I hope everyone had a great Halloween! I took my kids trick-or-treating for two hours and saw all kinds of houses that were decorated to within an inch of their lives. The rain stopped before sunset, although it remained quite windy. The temperature went down to freezing by the time I turned off the porch lights, but we were all bundled up appropriately so our night wasn’t cut short. We all had a great time!
I’d wanted to wear my Discworld Death costume out to trick-or-treat with the kiddies, but with the stiff wind and threat of rain (we’d even had hail earlier in the day), I didn’t want to subject it to the weather. The head and hands are mostly paper mache, after all. Instead, I propped it up on an old camera tripod and put it in a window to loom over trick-or-treaters.
Pumpkin-headed Reapers remain one of my kids’ absolute favourite Halloween decorations, no matter where we see them.
And my kids had a fantastic candy/chip haul. Some of these treats just may “disappear”… I doubt the girls will even notice. In our house, candy is only allowed to be eaten for a week, after which point it is given away. If I didn’t do this, the kids would be snacking on sugar until well after Christmas.
It does make me wonder what the contents of trick-or-treat bags look like in other countries, though? I mean, obviously not everyone participates in this holiday, but a comparison with other countries that do would be interesting. For example, I know other countries don’t get Crispy Crunch bars…
One of my absolute favourite things is people who go all-out to decorate for the holidays. Halloween is probably my favourite, but Christmas is another big one, especially because its decorative lights enliven the darkest days of the year. When it comes to Halloween, if you trick-or-treated as a child, to me you have filled an unwritten social contract if you keep your porch light on and hand out candy. If you carve a pumpkin or put up a few mass-market decorations, so much the better. But it’s those houses that go all-out that you remember long after you’re too old to ask for candy door-to-door. When I was a kid, our entire block did Halloween big time, which is probably why I’m still such a fan as an adult. My favourite was the neighbour who built three witches and a cauldron in his driveway, closely followed up by the people who dressed as dummies and jumped out at you, and the people who made spooky mazes on their lawns or in their garages.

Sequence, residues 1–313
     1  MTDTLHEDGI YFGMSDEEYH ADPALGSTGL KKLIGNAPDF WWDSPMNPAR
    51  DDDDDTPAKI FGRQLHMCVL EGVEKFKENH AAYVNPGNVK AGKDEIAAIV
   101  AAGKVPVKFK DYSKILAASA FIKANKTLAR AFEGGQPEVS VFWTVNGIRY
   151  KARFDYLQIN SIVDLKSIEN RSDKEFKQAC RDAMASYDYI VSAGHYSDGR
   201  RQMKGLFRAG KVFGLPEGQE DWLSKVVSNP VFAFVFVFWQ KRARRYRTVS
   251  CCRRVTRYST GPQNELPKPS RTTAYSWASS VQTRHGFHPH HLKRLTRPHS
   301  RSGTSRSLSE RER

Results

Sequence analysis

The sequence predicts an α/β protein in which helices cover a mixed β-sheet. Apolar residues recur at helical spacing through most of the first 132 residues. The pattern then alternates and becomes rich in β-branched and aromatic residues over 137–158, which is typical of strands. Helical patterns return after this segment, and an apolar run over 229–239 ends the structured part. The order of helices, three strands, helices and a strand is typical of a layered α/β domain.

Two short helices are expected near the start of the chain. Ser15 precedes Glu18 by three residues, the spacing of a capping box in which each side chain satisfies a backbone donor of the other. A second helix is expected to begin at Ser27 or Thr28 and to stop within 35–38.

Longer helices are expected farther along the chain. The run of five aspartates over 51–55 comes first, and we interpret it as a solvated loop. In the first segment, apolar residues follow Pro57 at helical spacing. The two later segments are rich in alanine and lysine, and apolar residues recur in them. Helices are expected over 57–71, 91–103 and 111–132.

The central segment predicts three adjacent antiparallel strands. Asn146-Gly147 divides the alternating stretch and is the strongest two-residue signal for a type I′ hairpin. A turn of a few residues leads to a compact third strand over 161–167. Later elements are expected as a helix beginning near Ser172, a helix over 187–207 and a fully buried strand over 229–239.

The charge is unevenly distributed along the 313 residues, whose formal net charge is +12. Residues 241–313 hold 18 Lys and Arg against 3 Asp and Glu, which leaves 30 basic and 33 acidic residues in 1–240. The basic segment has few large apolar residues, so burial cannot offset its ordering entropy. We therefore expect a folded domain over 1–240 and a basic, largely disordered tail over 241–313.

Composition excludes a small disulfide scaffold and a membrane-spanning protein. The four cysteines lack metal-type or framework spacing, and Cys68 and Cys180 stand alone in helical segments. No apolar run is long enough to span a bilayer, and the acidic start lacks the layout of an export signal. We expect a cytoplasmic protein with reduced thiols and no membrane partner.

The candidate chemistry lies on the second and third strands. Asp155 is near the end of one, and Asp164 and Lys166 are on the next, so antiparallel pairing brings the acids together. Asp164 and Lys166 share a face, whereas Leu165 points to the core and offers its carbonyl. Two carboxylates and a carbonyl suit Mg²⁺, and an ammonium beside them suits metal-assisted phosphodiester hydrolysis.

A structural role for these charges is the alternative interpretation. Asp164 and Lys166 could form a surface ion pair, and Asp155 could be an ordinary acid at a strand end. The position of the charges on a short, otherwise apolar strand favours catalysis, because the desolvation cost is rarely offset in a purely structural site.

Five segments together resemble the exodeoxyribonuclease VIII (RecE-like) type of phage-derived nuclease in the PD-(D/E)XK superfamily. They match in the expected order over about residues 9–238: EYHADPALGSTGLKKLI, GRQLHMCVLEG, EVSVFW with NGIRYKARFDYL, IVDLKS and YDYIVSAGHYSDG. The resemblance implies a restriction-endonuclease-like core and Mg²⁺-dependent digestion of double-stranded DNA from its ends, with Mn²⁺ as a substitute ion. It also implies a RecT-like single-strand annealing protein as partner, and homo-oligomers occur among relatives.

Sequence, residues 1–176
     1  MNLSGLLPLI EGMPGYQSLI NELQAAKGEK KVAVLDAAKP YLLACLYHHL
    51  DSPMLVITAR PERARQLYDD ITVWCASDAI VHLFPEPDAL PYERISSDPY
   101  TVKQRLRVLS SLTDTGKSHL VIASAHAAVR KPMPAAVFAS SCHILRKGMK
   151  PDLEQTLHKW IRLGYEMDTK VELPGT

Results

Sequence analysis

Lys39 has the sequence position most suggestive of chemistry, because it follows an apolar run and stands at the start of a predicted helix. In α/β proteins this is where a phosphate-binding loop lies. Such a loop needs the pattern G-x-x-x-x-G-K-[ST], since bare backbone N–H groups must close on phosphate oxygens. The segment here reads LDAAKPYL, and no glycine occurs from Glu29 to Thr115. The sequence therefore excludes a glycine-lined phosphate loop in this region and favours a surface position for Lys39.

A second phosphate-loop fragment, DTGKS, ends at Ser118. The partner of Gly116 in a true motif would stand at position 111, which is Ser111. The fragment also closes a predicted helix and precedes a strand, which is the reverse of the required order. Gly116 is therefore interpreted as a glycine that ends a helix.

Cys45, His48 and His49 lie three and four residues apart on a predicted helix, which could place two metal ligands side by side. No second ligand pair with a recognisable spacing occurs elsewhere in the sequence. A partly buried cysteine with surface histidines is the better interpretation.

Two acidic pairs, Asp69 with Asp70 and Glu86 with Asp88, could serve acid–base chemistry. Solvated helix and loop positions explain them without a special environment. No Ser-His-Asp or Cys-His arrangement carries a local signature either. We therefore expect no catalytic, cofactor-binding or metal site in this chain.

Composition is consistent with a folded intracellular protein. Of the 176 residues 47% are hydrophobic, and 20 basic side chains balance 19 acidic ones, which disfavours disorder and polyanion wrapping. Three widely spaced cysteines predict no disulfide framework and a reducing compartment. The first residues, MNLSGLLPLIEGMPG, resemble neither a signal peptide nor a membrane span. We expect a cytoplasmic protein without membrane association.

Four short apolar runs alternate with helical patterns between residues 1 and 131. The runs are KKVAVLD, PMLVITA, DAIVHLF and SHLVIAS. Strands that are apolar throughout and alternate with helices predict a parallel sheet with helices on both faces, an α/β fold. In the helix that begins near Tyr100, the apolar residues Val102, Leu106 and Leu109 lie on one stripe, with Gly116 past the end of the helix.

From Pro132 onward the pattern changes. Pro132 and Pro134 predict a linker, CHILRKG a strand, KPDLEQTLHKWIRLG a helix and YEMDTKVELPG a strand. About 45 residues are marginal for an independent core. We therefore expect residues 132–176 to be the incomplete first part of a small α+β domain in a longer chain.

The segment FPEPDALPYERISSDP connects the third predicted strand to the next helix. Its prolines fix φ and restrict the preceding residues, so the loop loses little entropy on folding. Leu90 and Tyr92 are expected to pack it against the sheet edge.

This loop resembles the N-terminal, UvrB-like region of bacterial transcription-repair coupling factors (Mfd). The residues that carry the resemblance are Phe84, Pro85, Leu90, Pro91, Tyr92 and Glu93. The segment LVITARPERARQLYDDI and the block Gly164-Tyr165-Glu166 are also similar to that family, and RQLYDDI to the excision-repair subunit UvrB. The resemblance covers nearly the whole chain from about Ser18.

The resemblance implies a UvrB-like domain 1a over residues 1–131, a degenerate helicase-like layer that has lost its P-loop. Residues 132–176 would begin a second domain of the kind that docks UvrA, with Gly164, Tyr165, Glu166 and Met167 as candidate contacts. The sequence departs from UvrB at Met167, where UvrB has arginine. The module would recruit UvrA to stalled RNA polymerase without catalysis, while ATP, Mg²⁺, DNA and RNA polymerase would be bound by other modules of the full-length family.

Here are some of my nominations for “coolest house” this year (keeping in mind that I had to take these photos before Halloween itself, since I post so early in the morning, so some houses don’t have their decorations up/lighted):
This house had projections in the left window of ghosts and silhouettes, which is hard to catch on a long exposure for nighttime lighting, but it was still really cool.
I hope everyone has a safe and happy Halloween! May you bring home lots of your favourite candy, and may your feet and hands not get too cold. (It’s supposed to dip below freezing here, but in this climate we try to plan costumes that you can fit a snowsuit underneath.)
I’m decorating for my Halloween party this coming weekend, and I dug out a bunch of crafts I’d done from previous years in the process. One of the ones I’m most fond of is the spooky glowing skulls that I made using Epbot’s tutorial. Epbot always has great (and inexpensive) Halloween crafts, along with detailed instructions and photographs. I really want to make some DIY skull sconces, but I doubt I’ll have time before the party. Maybe next year?
I think my biggest challenge to making these glowing skulls was finding the proper materials. Epbot is based in the States, and we just have a totally different range of dollar store craft supplies than they do down there. I couldn’t find a sturdy enough frame with a fancy border; there were lots of fake photo frames for Halloween, but they were such cheap plastic that they bent with the slightest pressure from the fabric. I ended up using IKEA RIBBA 8″x10″ frames.
With the matting and simple wooden frames, my glowing skulls didn’t really look all that much like the ones from the tutorial, but I think that they worked out okay. They actually go pretty well in my house because I use RIBBA frames all over the place for day-to-day picture framing anyway, so the skulls kind of fit in.
I enjoyed making the small skulls so much that I stepped up my game with a huge foam skull (I couldn’t find a translucent plastic one that size), fabric from the fabric store, and a freebie second-hand frame that I spray-painted black. The skull already had lights, but I didn’t like the colour or placement, so I ripped them out and started fresh with a brand new blue string. I think this is my favourite of all of the glowing skulls I made; it’s definitely the most striking. It kind of reminds me of the Evil Queen’s mirror crossed with the old Frighteners movie poster.